Shopping Centers Today

AUG 2018

Shopping Centers Today is the news magazine of the International Council of Shopping Centers (ICSC)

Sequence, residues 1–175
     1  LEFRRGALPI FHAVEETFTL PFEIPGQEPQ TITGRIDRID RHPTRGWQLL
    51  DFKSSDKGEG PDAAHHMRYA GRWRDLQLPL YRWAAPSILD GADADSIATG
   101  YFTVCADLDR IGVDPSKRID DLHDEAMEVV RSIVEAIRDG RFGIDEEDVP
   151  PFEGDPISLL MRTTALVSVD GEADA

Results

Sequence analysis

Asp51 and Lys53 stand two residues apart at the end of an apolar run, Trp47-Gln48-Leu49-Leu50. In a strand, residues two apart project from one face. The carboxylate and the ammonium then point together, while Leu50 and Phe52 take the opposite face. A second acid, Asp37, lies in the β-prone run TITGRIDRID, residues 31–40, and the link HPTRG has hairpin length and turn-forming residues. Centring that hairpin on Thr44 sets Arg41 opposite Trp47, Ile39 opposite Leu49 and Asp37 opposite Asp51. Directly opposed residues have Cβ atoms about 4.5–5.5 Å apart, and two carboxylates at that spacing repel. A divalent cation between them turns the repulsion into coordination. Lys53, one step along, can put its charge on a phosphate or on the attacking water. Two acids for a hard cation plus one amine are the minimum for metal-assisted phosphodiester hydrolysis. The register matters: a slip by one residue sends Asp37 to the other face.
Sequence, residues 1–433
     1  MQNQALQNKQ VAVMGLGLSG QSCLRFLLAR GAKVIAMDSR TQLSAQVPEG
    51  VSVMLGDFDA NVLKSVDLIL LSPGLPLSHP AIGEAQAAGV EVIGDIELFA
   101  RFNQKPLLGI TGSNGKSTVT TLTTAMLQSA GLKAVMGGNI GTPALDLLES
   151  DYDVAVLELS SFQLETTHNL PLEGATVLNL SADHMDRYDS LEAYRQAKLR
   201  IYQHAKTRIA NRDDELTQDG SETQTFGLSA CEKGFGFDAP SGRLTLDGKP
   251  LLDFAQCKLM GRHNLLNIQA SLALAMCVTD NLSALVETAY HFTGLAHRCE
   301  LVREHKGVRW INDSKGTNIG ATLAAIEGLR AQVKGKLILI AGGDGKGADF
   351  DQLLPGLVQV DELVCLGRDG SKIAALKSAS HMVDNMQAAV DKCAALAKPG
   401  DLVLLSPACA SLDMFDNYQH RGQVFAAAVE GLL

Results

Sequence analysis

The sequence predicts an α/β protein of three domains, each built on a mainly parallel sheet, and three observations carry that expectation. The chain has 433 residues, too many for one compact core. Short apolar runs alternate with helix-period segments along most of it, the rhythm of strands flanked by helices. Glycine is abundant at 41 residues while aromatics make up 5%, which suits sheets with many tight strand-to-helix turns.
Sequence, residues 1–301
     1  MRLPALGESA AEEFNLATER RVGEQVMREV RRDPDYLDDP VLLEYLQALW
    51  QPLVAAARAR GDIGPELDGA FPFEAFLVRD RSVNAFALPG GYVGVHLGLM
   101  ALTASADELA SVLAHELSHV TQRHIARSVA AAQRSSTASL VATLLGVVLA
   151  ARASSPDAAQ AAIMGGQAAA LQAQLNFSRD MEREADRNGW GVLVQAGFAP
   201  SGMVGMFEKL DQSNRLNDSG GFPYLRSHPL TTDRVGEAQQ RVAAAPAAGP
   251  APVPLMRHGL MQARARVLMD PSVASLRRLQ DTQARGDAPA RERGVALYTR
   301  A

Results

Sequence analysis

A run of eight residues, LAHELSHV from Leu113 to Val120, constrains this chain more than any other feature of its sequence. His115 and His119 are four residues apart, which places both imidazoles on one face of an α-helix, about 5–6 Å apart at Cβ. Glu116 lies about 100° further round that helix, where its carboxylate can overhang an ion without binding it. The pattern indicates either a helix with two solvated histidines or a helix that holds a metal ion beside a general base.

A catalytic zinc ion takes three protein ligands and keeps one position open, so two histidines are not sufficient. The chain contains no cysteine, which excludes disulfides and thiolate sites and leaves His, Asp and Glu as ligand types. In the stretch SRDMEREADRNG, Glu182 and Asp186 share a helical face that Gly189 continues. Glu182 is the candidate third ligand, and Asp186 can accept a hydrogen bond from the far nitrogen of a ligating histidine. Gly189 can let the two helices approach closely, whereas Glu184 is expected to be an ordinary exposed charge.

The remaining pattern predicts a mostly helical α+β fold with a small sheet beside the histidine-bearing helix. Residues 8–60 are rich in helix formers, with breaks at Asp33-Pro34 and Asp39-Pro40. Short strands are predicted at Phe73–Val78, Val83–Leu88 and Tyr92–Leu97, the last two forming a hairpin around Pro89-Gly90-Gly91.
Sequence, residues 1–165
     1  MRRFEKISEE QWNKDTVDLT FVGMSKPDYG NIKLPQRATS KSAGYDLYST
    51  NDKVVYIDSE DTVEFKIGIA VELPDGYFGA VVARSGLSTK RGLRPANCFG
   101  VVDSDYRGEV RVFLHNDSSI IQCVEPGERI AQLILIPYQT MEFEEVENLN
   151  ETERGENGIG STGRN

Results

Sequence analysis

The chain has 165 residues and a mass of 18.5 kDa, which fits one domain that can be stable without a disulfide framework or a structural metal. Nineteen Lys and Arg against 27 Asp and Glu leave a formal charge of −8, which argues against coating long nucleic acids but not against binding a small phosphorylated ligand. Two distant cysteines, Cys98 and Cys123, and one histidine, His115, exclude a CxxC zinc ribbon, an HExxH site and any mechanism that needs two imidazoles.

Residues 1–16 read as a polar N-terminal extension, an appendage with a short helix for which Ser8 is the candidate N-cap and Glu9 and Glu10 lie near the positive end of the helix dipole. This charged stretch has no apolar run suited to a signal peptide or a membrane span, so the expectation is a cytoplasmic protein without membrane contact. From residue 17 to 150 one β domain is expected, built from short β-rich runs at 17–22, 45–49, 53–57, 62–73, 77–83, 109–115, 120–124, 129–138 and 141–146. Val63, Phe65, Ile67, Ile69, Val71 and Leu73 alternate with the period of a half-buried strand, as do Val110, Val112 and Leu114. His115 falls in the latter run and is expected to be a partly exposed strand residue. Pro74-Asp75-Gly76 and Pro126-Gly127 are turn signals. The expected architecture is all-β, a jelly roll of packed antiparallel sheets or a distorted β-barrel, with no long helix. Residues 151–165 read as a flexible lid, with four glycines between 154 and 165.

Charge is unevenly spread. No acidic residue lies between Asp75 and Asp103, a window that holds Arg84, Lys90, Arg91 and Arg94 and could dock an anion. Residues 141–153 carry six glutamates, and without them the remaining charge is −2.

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46 S C T / A U G U S T 2 0 1 8 S I T E S & C I T I E S entertainment, plus 150,000 square feet of offices and nearly 90 luxury apartments. Co-developed by the lo- cally based DiGeronimo Cos. and Fair- mount Properties, the development, whose first stores opened in early June, has been getting plenty of buzz. "It's an unusual project for a couple of reasons," said Michelle Jarboe, who covers real estate for The Plain Dealer, Cleveland's local paper. "Number one is the size of it: North- east Ohio is very built out as a region, so it's difficult to find large develop- ment sites. It's also an unusual project because it required rezoning more than 70 acres of residential properties and acquiring and demolishing a lot of houses in order to make way for the project. The other thing unusual is that it's bringing in a lot of retailers that are new-to-market." Indeed, as part of the development agreement with Orange Village, 65 percent of the Pinecrest commercial space had to be leased out to retailers new to the area. "At first, this seemed a bit daunt- ing," said Randy Ruttenberg, founder of Fairmount Properties. "But we have been so fortunate to have so many new-to-market tenants who wanted to call Pinecrest home." Clothing boutiques Laura of Pem- broke, Scout & Molly's and Vernac- ular are all newcomers. The national tenants include dining-and-entertain- ment venue Pinstripes, REI, Vineyard Vines and West Elm, and Bibibop Asian Grill and Firebirds Wood Fired Grill are among the high-profile eateries. A Silverspot Cinema luxury movie theater and an AC Hotels by Marriott are here too. "We learned that these national retailers wanted to be in developments that had the best-in-class regional boutiques and cool, hip yoga stores and great chef-driven restaurants," said Ruttenberg. "We made it a goal to scour Chicago and Columbus and Detroit for these best-in-class regional gems who would want to come to a market like Cleveland." Pinecrest now has lease commitments for about 80 percent of the spaces, Ruttenberg says. Given Cleveland's current retail landscape, it was not too hard a sell. "Cleveland is more of an East Coast– type market, where space is really tight," said Tori Nook, a founding partner of retail brokerage Anchor Cleveland. "The demand here has been way higher than the supply, which is why it's been so hard previ- O n a recent summer afternoon, Cleveland's $230 million Pinecrest mixed-use project hums with vibrant activity: Pop music blares from large speakers; mothers saunter along behind their baby strollers; sales associates pose for Instagram photos in front of the newly opened Apricot Lane Boutique apparel store; and patrons line up patiently for what could be, at least for some of them, their very first Shake Shack burger. Pinecrest sits atop a 58-acre site in Orange Village, 20 miles east of downtown Cleveland, nestled in one of the region's highest-household-in- come areas and offering immediate access to three major highways. The project comprises some 400,000 square feet of shops, restaurants and The mixed-use Pinecrest will reinvent Cleveland's Orange Village By Rebecca Meiser Town in a village PHOTO: CALLISONRTKL

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